It’s always a song that saves me when I’ve completely lost the point.
I’ve always thought of myself as a creative introvert. Joy was not something to be hunted, but found in the process. When the pandemic first hit and our walls got closer and our circles got smaller, I was in heaven. I had an excuse to fold in on myself and go deep. I could do nothing but create, meditate, pray, and think. I had a plan. I wasn’t afraid. I was going to live in my studio and come out the other side with some amazing stuff. I could also use the solitude to get closer to my God without feeling like I was avoiding social interaction.
It felt like a cosmic deepening and shift. Everyone was in the same place and focusing. We were all waking up. A time of hope and rebuilding, personally and globally. I was an explosion of expression. So much novel territory to reflect. I could stay informed and get involved. There were so many opportunities to give.
That all worked for about 6 months. Who ever thought we’d all still be here 8 months later? I hit the wall. I had created and didn’t want to do it anymore. I had given to food banks and food pantries and charities and the homeless and still the yawning chasm of need I saw on the news never narrowed. The world was not only waking up, it appeared to be burning down. The need was endless. I tried every Bible app and meditation to put a new fire in my spiritual journey. I took walking meditations. But, my joy enthusiasm were gone. Watching the news revealed not hope, but terror. That all worked for the first 3 months. But then, I wasn’t joyful. I was exhausted and scared all of the time. I didn’t want to do anything at all. I had poured everything I had to give out and it wasn’t working. Reading the bible wasn’t working. Praying wasn’t working. Solitude wasn’t working. The things that were so rare and gave me so much joy pre- pandemic, didn’t do it after pandemic.
After a while, you just want to see someone’s entire face, without the mask. You want a hug or a smile. You want to see your aging parents or be able to travel to see your kids, or just travel with your spouse, because ya’ll dreamed and planned for it your whole lives. You want to collaborate in person, not via Zoom.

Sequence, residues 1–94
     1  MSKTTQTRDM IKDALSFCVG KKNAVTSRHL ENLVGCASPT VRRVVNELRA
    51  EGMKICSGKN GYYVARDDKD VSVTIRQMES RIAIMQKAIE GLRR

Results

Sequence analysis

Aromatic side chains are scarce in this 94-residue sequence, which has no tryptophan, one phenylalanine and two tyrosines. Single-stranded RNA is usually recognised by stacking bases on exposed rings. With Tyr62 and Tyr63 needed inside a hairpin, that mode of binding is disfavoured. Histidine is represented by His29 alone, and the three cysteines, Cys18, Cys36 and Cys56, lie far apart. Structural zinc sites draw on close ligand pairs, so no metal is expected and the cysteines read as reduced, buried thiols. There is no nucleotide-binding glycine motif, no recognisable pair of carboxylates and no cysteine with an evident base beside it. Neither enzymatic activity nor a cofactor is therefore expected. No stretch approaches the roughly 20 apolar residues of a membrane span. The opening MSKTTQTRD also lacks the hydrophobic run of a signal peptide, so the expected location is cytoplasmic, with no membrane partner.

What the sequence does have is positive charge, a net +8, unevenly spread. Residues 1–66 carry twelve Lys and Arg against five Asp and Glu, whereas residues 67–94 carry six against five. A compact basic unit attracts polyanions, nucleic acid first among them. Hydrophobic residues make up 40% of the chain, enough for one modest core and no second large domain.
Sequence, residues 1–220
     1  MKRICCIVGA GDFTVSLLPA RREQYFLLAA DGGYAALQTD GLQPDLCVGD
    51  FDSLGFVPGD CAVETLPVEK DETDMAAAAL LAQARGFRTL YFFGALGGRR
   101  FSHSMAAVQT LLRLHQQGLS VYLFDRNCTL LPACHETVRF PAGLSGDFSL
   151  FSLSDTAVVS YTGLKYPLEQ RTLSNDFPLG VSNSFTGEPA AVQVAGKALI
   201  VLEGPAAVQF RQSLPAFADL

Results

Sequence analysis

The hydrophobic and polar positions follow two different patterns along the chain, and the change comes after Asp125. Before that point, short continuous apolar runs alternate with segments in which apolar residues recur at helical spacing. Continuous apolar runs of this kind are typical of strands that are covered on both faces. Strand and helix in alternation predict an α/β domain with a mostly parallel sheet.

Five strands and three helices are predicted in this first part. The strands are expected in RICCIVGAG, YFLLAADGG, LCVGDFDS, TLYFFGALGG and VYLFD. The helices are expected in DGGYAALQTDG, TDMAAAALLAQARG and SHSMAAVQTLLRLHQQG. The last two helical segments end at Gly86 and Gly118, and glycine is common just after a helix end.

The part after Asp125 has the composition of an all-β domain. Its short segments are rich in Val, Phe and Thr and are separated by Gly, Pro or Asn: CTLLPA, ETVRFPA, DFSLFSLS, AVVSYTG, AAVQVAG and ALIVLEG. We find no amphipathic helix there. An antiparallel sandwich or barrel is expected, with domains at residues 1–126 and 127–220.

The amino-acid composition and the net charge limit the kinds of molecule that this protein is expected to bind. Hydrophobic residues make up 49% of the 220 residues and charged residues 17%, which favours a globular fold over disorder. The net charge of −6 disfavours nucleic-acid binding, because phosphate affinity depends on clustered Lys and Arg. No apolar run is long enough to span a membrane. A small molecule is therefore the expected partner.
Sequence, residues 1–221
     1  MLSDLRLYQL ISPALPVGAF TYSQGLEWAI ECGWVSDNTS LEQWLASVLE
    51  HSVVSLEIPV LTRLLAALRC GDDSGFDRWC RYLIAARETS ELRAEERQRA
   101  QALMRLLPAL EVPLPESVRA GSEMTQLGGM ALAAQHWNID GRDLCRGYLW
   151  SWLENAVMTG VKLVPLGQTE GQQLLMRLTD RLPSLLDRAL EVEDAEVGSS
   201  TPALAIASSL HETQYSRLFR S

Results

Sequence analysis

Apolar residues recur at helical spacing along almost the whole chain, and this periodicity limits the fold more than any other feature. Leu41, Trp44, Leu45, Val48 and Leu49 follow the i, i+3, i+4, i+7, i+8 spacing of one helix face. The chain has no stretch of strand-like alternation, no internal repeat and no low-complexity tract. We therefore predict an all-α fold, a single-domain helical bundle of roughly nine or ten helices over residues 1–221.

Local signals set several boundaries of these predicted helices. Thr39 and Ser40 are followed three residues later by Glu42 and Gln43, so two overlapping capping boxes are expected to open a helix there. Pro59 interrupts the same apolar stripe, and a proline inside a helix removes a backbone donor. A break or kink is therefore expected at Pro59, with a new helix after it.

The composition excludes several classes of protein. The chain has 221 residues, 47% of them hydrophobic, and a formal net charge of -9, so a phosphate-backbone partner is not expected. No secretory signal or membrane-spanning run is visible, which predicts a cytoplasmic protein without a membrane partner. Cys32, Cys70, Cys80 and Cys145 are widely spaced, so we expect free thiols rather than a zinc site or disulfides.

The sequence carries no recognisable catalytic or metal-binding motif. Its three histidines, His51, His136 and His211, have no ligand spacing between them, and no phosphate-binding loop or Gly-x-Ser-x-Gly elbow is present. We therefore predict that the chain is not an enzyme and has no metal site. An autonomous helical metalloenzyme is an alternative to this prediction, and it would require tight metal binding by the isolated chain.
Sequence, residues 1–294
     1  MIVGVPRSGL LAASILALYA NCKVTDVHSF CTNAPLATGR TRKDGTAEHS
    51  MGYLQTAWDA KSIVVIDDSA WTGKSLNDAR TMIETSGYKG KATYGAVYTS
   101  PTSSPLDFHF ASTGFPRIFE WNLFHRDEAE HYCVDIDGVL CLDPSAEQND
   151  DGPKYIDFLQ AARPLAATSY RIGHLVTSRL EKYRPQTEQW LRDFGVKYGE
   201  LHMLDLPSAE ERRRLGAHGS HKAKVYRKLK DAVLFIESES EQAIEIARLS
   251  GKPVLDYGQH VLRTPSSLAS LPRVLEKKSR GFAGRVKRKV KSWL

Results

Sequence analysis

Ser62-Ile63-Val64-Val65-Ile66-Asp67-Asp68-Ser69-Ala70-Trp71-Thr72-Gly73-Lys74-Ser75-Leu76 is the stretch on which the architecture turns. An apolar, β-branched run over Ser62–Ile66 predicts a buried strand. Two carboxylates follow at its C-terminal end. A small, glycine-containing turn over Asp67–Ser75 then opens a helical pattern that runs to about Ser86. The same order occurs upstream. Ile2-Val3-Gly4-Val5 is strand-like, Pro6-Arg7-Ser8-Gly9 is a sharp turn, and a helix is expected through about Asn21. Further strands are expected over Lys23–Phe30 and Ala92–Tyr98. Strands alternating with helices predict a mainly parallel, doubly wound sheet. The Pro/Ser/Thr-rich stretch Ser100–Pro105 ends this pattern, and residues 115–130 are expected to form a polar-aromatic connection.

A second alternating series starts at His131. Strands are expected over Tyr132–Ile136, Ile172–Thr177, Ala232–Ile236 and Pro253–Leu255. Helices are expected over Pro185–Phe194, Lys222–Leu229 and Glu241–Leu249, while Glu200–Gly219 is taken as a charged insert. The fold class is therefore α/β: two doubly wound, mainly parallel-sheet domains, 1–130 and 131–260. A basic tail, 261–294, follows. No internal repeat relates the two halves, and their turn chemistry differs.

Lo and Behold, there was Dave Grohl:
It’s times like these,
You learn to live again.
It’s times like these you learn to love again
It’s times like these you give and give again
It’s times like these, time and time again.
Where do we find hope that isn’t dreaming? The regular reassurance we need in a time when nothing is regular, reassuring or normal?
I realized that it’s not the big things that give us hope and strength; it’s the little ones. My joy needs a scaffolding of daily touchstones to give it meaning and purpose, to foster hope. We learn new traditions. We hone in on smaller events. We keep loving and giving. Meals with our family. Learning to cook and bake and do power yoga. Long walks with our significant other. Our furry family members , who we can still hug!
Christmas is still coming! O holy Night is still a miracle of meaning and melody that takes my breath away every single time. A human being wrote that! Or, if you prefer, Mariah Carey is still singing All I Want for Christmas. Our friends and family are still there, and they still love us, even if we can’t all be in the same room.
Especially when everything is turned on its head, basic isn’t bad, even spiritually. There is an overwhelming array of Bible verses, Bible apps, Bible stories, but these days, for me, the comforting repetition of two verses gives me the strength and grounding I need. I start and surrender my day with Psalm 31. It even has a little Step 3 prayer in it: My times are in your hands... Into your hands I commit my Spirit. To clear the day away at the end of the day, I use Psalm 91. For me, they work, because I can count on them, just like I can rely on the Fall leaves, the sunrise and sunset, the continued love of my family and friends. Faith in things unseen is one thing, but we can also have faith in the small things we do see.
Every December, I pick a phrase that I aspire to live fully in the coming year. My phrase for 2021 and the remains of 2020 is Grounded in Joy, thanks to Foo Fighters and the pandemic. I discovered that passion is a lifeforce, but it can drain all of one’s strength and energy, if it isn’t grounded in something less ephemeral. If I live entirely in my head and heart, my feet won’t be rooted in reality. And it’s loving what is right here and now, finding joy in the present moment that gives me strength, grounding me in joy. Reach and hope for the stars, but keep your feet firmly planted on the ground. Reality is our friend.